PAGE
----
Let’s Make a Mug Too is about Himeno Toyokawa moving to Tajimi City, which is known for its history of pottery.
Here she joins the Pottery Club and learns about the creative (and at times challenging) art of crafting ceramics.
So if you’re interested in learning the basics and diversity of pottery, check this one out.
The second season released in late 2021, and episodes in each season have companion episodes featuring the four main voice actresses touring Tajimi City.
If you watch both the anime and the extras, you’ll appreciate the series more – particularly in how it strives to promote the city.
15. Strawberry Marshmallow
One of the most memorable slice-of-life 4-koma manga from the early 2000s is Ichigo Mashimaro.
This 2005 TV anime adaptation manages to translate its effortless charm into a medium with movement and sound (and full colors).
This is a CGDCT featuring five girls between 11 and 12 years old, except for Chika’s big sis, the 20-year-old Nobue Itou.
Why is she part of the group, you ask?
Well, partly because Nobue also loves CGDCT. Yes, this cigarette-smoking nee-chan is a CGCCT fan living in a CGDCT series.
That’s the equivalent of a guy getting transported into the anime where his best girl exists.
And speaking of living in the world of Strawberry Marshmallow, I love that the background characters are properly drawn instead of being mere shadows or blank figures.
Similarly, the MCs don’t wear the same clothes all the time, which is rare in anime.
Even if the mundane events feel pretty standard to your slice-of-life series, the execution here makes them worth watching.
The girls have solid chemistry, the voice acting is laudable, and the series has some of the best comedic timing out there.
14. Shadows House
I was a skeptic of Shadows House when I first saw the teaser photos and preview videos.
Even after the first few episodes, I wasn’t convinced I was going to remember this particularly well once Spring 2021 was done.
But The Debut Arc changed my perception — and it was all uphill from there.
If you love the architectural style and fashion sense of the Victorian era, you’ll like this series a lot.
The music helps sustain the creepy atmosphere, and this really is a show with so many interesting characters.
And I don’t say that just because of the outstanding character design.
Emilico, Kate, Shaun, Ricky, and the rest of them in the manor are interesting individuals on their own.
But when major events force them to come together (or go against each other), episodes become more engaging, and you find yourself rooting for their safety and victory, or both.
Who knew a dark (literally and figuratively) slice-of-life anime can be this good?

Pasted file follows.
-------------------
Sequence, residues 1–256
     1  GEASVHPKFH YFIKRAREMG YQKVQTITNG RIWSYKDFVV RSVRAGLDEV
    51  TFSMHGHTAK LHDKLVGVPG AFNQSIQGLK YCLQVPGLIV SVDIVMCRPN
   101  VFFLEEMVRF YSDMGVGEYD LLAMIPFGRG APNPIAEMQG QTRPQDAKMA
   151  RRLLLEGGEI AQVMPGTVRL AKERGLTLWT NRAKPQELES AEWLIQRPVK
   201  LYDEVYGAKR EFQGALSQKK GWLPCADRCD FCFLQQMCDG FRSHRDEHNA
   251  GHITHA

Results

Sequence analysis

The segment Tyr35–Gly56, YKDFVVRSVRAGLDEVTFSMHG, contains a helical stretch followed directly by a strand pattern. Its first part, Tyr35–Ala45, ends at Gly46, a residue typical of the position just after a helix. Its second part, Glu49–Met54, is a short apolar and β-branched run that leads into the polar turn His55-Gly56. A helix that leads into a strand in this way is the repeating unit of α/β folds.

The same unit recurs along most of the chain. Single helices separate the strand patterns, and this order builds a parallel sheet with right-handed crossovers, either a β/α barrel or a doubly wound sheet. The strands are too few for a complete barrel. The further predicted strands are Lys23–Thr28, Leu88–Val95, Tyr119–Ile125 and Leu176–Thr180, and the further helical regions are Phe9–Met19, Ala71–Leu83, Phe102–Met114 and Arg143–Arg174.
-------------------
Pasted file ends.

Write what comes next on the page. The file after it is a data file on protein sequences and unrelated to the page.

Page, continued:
The second season released in Summer 2022 so definitely give this CloverWorks series a try.
13. You and Me.
CGDCT slice-of-life anime are more numerous and usually better received by viewers.
But the guys of Kimi to Boku deserve a chance to prove that cute boys doing cute things (or slice-of-life stuff) are also worth watching.
Like beloved CGDCT titles such as K-On! and Non Non Biyori, you’ll notice that You and Me. features a group of friends who regularly spend time together – and talk about everything under the sun.
There’s no unnecessary drama or conflict.
As a slice-of-life anime, it portrays these male friendships with a simple yet comforting visual palette.
They tease each other, offer support, and ultimately create memories they’ll cherish even when they graduate and lead wholly different lives.
And did I forget to mention that each MC has a cat equivalent?
That alone is a remarkable selling point.
12. Adachi and Shimamura
Adachi to Shimamura is a slice-of-life that adds romance and girls’ love elements.
Tezuka Productions did a splendid job of illustrating the tumultuous period of adolescence experienced by two female teenagers.
Sakura Adachi and Hougetsu Shimamura meet, become friends, and eventually ponder about the true nature of their relationship.
Are they just close friends?
Or is one (or both) of them hoping for something more romantic?
Others complained of the slow pace of Adachi and Shimamura, but I reckon that it’s par for the course in slice-of-life and romance anime.
Plus, the show provides viewers with both of their perspectives. Episodes and sequences where the two girls barely move or change locations turn out to be significant when you hear their thought processes and inner voice.
This GL slice-of-life series is decidedly intimate and vulnerable in its storytelling.
It’s one of the most honest and true-to-life series in how it captures the apprehension and competing thoughts that appear right as someone is expected to respond – especially when they’re with the person they care for.
11. The Great Passage
Just like Honzuki no Gekokujou, Fune wo Amu has an MC whose life is characterized by an obsession with the written word.
But Mitsuya Majime isn’t a bookworm in a fantasy world.
He’s a bookworm in the real world, a salesman for Genbu Publishing who doesn’t really like his job and has great trouble socializing with others.
His life gradually changes for the better once he moves to the Dictionary Editorial Department.
He meets Kouhei Araki, an old man passionate about dictionaries. He’s about to retire, but he first needs to find someone capable of taking over The Great Passage from him – a highly ambitious project involving the creation of a new comprehensive dictionary that will take years to complete.